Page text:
Book review: Exit West by Mohsin Hamid

The book:

Exit West by Mohsin Hamid
Published in 2017 by Hamish Hamilton
Pages: 240

Advance review copy

*** Thank you to Netgalley, the author and publisher for the chance to read an advance review copy of this novel ***

exitThe blurb:

In a city swollen by refugees but still mostly at peace, or at least not yet openly at war, Saeed and Nadia share a cup of coffee, and their story begins. It will be a love story but also a story about war and a world in crisis, about how we live now and how we might live tomorrow. Before too long, the time will come for Nadia and Saeed to leave their homeland. When the streets are no longer useable and all options are exhausted, this young couple will join the great outpouring of those fleeing a collapsing city, hoping against hope, looking for their place in the world . . .

My thoughts…

I enjoyed both The Reluctant Fundamentalist and Moth Smoke, written by the same author, so was really pleased when I was approved to read a Netgalley proof of Exit West, which is due to be published next year. The book follows Saeed and Nadia, a young couple who meet in a middle Eastern city (which is never named), but flee when the city comes under increasing attack. They travel to different countries and have very different experiences – and we see their relationship becoming increasingly strained.

Nadia is a very modern Muslim woman, and has been ostracised by her family for going to live on her own. I really liked her strong character, and I enjoyed the slow but sure development of her relationship with Saeed. It isn’t a mad, passionate love that blossoms between them, but it is more of a gradual romance which felt appropriate and realistic. I really liked how poor Saeed had to don black robes to sneak up to Nadia’s flat so she could tell people it was her sister going to visit.

But for me the book took a serious dip in the middle when the couple flee their homes. It is at this point that surreal elements are introduced – refugees move to new countries by sneaking through hidden doors – and this never quite worked for me. And I also felt that I wanted more about the two main characters, but the novel never seemed to properly focus on them. Interspersed throughout the novel are short sections focusing on other random characters around the world – these stories added nothing at all for me and were just a distraction – in fact I ended up skipping them towards the end of the novel. The book is already quite short, so these interruptions meant that even less of the novel focused on the main characters.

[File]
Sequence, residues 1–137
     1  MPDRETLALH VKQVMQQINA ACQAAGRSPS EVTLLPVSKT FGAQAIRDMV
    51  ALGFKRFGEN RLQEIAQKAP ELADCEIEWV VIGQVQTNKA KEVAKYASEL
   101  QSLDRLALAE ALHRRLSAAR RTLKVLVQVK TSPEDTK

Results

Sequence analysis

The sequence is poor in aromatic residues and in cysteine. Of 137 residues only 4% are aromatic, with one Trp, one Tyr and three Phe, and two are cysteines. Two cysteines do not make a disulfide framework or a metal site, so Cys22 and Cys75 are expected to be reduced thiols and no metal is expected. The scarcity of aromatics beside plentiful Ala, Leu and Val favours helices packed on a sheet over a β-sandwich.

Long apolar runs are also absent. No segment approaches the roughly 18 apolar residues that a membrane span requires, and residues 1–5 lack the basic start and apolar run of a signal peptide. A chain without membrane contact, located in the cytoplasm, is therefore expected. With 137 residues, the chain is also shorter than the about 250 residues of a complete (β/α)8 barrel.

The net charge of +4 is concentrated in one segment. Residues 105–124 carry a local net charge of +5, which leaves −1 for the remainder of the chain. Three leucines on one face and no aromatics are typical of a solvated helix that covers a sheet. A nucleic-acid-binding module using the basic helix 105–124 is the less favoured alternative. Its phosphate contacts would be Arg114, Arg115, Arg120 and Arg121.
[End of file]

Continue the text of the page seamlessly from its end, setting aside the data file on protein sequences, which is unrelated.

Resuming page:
There is little dialogue in the book and by the end of the novel I just felt a bit sad that I had never really got to know Saeed and Nadia, or their families, enough. I liked these characters and their stories and just wanted much more of it! However, I thought the ending was lovely and tied up their story perfectly – if only there had been a bit more of their story along the way!

I think this is an interesting, ambitious novel, but it lost its way for me a bit towards the middle and never really gripped me again fully until the final pages.

My rating: 5 out of 10



  1. The blurb and the setting make it sound like such a wonderful read.I was intrigued by the characters as you introduced them.Sad to hear that the book didn’t quite work.I wish they had focused on the main characters.Wonderful review

    Liked by 1 person

  2. Omg I didn’t know Moshin Hamid had a new book coming out! I loved The Reluctant Fundamentalist. Interesting points you raised – I’ll re read this post once I’ve read the book and let you know if I agree! Thanks for the honest review. X

    Liked by 1 person

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